ELLE Magyarország, March 2014
Superstar of the operahouse
Jonas Kaufmann on love, passion and Bavarian leather trousers

Question: why have you been named 'Jonas'? Do you feel any community with the prophet who tries to flee from his fate? This almost happened to you when you almost changed your profession.

JK: It was not on religious ground that my parents chose this name for me, they simply liked it. But my grandfather was opposing tooth and nail saying that they would ruin my life, everybody would be mocking of me, because at that time almost nobody was called like that in Germany. Therefore I got a second Christian name, which is Alexander, so that should I as an adult dislike Jonas I might change it. But I have not done so. As to fleeing from my fate, I might have chosen bad teachers or I might have misunderstood them, but around 1995 it seemed I would not be able to continue in this profession. Then, fortunately, I found a teacher who showed me another way and therby he saved my voice, my carreer and my life.

Question: You are one of the greatest stars of classical music. Do you like being called 'the star tenor'?

JK: Well, at the beginning, I hated it. I felt that a star tenor is someone who has not got into the limelight because of his performance as a singer. And this disturbed me a lot. With time I got used to it, but I do hope it is not with these labels that I identify who I am. Of course it is great that I have so much success, first of all because I see what my voice is able to achieve: it not only enchants or entertains, but it also finds the way to people's soul, which is a huge responsibility and must be used for good purposes. There was a time when I had the impression that everything is more important than the way I sang. For instance, when critics were preoccupied with my appearance rather than with my voice. It is belittling when they say: of course, he is successful because he is so handsome. Luckily enough it has changed in recent years and people are more interested in my performance than in my appearance, which is fantastic, because no matter what benefits success might give, the only reason for which I chose this profession is that I adore singing. Not only here in the opera, but in general, anywhere, anytime and to anybody. I sing everywhere: in the shower, in my car, on end. This is my passion and it would be terrible if I could not do it. On the other hand, my carreer is time consuming, in addition, it made me 'public property' and it is not easy for me to protect my private life. If somebody comes to me in the street and asks if I am me, I cannot answer that no, no, you mistake me for someone else, this would not be fair. I try not to be away for too long from my family, this is the reason why we moved back from Zuric, where we used to live, to Bavaria, because here I can better balance family life with my work. One could say I came back to my roots, since I was born in Munic, many friends of mine live here, I like this neighbourhood, this people, I belong here.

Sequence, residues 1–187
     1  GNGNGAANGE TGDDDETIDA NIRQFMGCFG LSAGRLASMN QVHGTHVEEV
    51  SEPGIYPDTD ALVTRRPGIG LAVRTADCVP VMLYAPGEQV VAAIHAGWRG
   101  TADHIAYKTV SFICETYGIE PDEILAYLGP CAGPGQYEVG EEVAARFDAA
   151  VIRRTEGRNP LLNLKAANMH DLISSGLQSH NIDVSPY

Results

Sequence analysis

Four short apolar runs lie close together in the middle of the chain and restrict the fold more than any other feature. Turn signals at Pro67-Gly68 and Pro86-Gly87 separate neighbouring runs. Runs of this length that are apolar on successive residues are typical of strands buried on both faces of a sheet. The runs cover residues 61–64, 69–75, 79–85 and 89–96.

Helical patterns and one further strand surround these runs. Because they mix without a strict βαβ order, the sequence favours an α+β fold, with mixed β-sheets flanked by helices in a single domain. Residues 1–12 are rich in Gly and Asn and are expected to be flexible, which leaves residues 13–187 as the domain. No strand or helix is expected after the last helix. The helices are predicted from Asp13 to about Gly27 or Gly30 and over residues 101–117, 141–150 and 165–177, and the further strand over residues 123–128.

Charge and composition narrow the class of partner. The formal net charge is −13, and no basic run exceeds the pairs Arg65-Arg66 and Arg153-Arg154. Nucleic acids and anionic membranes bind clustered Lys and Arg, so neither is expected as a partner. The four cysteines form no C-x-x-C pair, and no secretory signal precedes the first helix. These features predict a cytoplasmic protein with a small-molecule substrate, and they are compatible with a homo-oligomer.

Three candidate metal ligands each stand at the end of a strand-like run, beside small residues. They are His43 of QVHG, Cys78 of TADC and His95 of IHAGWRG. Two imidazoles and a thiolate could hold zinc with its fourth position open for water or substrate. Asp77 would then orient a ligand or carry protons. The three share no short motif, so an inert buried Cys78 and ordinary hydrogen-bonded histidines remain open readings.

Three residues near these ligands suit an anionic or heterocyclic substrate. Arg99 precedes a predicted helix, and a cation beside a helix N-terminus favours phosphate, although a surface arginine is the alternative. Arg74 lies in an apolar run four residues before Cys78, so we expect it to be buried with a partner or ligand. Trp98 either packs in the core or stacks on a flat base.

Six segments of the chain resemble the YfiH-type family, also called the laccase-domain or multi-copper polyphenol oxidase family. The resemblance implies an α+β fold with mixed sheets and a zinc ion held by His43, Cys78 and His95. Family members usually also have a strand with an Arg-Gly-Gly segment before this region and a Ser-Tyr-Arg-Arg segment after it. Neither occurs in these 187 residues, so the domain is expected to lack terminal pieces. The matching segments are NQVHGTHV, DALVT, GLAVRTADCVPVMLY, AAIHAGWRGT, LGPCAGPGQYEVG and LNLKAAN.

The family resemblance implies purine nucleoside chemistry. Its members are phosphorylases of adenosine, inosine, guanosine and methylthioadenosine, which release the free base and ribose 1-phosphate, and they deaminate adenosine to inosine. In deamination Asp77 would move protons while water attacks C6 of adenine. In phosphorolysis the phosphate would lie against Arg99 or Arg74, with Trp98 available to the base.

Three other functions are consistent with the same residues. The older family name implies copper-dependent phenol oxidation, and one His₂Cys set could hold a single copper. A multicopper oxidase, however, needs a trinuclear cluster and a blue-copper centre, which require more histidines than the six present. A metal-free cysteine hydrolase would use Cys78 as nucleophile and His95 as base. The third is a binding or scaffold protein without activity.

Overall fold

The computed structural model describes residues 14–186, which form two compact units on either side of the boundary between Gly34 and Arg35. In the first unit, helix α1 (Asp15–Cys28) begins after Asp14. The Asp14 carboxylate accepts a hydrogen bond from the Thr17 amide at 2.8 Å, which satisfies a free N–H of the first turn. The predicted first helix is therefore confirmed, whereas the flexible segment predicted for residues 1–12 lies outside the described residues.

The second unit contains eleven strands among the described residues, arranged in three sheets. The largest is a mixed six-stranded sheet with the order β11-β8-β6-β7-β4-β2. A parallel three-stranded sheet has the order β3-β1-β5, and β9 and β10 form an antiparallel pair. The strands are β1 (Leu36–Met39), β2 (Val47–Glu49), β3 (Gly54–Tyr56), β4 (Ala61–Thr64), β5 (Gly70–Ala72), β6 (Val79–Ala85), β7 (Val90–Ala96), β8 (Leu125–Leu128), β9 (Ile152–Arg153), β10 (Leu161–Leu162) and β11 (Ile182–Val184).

Question: Do you then wear Bavarian folk costume?

JK: Lederhosen? (leather trousers) Of course I do. And not only at the Oktoberfest, but at family events, weddings, birthdays too. By the way, it is a very practical garb, I used to wear it very often when I was a child, because it is simply wear-and-tear-proof. For a small boy, there is nothing more boring than a mother who keeps on nagging him to take care of his trousers. Whereas with the Lederhosen, if it gets torn you simply take it to the cobbler who would stitch a patch on it and there you go.

His lough is contagious and his fast English speech gets a kind and unique flavour by the sporadic German words he mixes into it. As he is speaking, I can see the little boy he was in front of me, the little boy whose brimming with life he has kept in his adult self, just like he is always able, in a miraculous way, to achieve that when he is singing I should feel exactly the same feelings that he does.

JK: If my thoughts are not preoccupied by the technical aspects of singing, if my mind and my soul are free and I am attentive only to my feelings, then my voice changes, and this is the change due to which another person will be able to live through what I am experiencing. This is of course not easy to achieve, and I do believe that you cannot simulate emotions. It is therefore very important that I have a normal private life, because I must experience joy, pain, a variety of human emotions in order for me to be able to produce them in my roles. If you want to seduce a woman on stage, it would only be credible if you have done it in your real life. Love is the best example. In love, you will immediately see if something is not sincere.

Question: Is it not dangerous to experience so intensive emotions day after day? How can you control them?